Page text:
This route has become vital for Russia after the coup in Ukraine: in 2014-2016, the transit via Ukraine and Baltic States fell by 65%, while the transit via Belarus increased by about 30%. The anti-monopoly watchdog of Belarus adopted a decision on September 28 2016 to raise the oil transit tariff for Russia by 50% in average (the decision will come into effect on October 11 2016). By the current data, Russia pays Belarus for transit of oil about 10 billion rubles a year. It is not hard to calculate the future losses of the Russian companies and profits of the Belarusian ones. Meantime, the tariffs are regulated by the intergovernmental agreement that was signed in January 2010 after long negotiations. The sides approve tariffs by February 1 of each year, while extraordinary rise of tariffs is possible only “in case of tangible changes in the terms of business activity in case of unforeseen emergencies.” However, even in such case, the change of tariff must be agreed with Transneft, the agent of the Russian companies, and the Russian government. If the sides fail to agree on the tariff, Belarus can raise it to the level of the average annual inflation + 0.03% at most. Therefore, it is natural that such groundless rise of the tariff provoked indignation of Russia. To be fair, such developments were predictable.
On the one hand, the actions of Belarus is retaliation to Russia’s intractability and reduction of oil supplies, which Moscow explains with Minsk’s debts for the gas consumed. All this has seriously affected the economy of Belarus. According to Prime Minister of Belarus Andrei Kobyakov, reduction of supplies by 2,25million tons in Q3 caused a 0.3% GDP decline (by about $150 million). Transneft Spokesperson Igor Demim said on September 23, Russia will supply 3mln tons of oil in Q4 (by 0.5mln tons less than on Q3). If this happens, the country will receive a total of 18mln tons of oil instead of anticipated 23-24million tons. This will seriously affect the petroleum-refining sector and the economy, in general. That is why the authorities of Belarus decided to “grab the bull by the horns” and make the Kremlin go on a concession ahead of the regular round of the gas talks.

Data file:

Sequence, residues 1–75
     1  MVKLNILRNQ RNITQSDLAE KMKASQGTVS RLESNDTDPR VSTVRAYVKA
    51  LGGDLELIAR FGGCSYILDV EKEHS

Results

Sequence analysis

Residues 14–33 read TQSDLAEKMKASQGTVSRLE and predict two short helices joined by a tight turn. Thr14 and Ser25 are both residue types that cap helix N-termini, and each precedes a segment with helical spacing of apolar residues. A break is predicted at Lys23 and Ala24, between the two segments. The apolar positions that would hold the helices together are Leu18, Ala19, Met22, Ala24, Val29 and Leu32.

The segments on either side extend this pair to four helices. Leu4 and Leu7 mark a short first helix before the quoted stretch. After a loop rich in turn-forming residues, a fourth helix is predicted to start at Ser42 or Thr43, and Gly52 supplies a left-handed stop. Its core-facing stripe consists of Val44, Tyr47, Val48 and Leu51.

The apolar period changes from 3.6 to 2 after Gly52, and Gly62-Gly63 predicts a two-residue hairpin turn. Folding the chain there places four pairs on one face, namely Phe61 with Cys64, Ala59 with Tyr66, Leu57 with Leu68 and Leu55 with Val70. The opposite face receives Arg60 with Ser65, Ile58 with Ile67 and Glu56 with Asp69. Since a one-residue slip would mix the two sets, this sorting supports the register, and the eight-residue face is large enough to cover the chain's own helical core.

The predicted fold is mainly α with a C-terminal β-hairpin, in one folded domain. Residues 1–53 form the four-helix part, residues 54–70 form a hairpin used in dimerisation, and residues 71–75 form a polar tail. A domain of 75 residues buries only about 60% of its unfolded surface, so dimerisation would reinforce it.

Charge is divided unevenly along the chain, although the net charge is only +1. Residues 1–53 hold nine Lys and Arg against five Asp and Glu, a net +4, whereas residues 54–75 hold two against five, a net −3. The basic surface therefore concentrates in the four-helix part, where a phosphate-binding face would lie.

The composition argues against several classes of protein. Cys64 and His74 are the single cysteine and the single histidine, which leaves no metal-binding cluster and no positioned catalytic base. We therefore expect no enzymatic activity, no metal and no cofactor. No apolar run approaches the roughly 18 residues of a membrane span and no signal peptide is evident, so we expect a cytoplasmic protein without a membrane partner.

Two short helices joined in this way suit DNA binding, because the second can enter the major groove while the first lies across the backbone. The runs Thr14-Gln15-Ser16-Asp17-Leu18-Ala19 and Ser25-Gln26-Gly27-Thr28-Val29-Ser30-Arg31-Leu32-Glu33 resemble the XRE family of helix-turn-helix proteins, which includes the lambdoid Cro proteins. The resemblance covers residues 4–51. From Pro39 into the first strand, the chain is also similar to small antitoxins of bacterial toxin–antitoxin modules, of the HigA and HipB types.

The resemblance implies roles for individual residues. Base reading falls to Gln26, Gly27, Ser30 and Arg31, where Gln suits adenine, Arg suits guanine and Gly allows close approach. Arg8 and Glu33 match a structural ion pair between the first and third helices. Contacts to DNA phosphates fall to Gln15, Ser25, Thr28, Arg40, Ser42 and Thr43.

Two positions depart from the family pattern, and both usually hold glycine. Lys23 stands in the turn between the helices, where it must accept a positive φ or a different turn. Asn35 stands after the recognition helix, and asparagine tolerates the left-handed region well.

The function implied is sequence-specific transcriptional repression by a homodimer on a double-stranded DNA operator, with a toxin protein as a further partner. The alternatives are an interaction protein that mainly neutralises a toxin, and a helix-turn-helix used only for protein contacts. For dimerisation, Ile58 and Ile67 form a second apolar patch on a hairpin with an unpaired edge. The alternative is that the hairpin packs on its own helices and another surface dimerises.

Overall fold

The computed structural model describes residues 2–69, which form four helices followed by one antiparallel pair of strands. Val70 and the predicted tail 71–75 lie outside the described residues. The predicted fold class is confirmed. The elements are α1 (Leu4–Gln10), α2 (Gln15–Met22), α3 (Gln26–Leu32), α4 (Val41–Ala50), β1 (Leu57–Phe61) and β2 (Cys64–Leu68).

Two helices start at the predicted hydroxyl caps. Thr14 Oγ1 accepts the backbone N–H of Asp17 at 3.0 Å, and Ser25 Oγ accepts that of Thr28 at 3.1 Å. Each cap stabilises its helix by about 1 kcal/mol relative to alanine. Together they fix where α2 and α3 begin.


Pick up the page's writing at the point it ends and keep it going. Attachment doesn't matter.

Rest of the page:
On the other hand, it may sound trivial but Belarus decided to remind Moscow that not all pipes in Belarus belong to Russia and take advantage of the situation to get compensation for its losses in the gas conflict (though, no one doubts that Minsk will have to pay eventually). If they fail to agree upon the gas debt, the leadership of Belarus may offer to “cancel the new oil transit tariffs in exchange for writing off the debt for gas.” Such a simple formula of the Belarusian officials appears to be the last economic argument in the talks. If the sides fail to agree again, Belarus may resort to political instruments, starting from direct allegations against the Russian leadership up to blatant blackmail and threats to leave the Eurasian integration projects.
It appears that the leadership of Belarus makes desperate measures, as it has run out of arguments in the dispute with Russia. This will strain their relations even more, though EU’s uncertain stance and China’s indifference to the country will not let the conflict “cross the line.” Nonetheless, the cornered Minsk will try its best to thrill Moscow.
By Pavel Yurintsev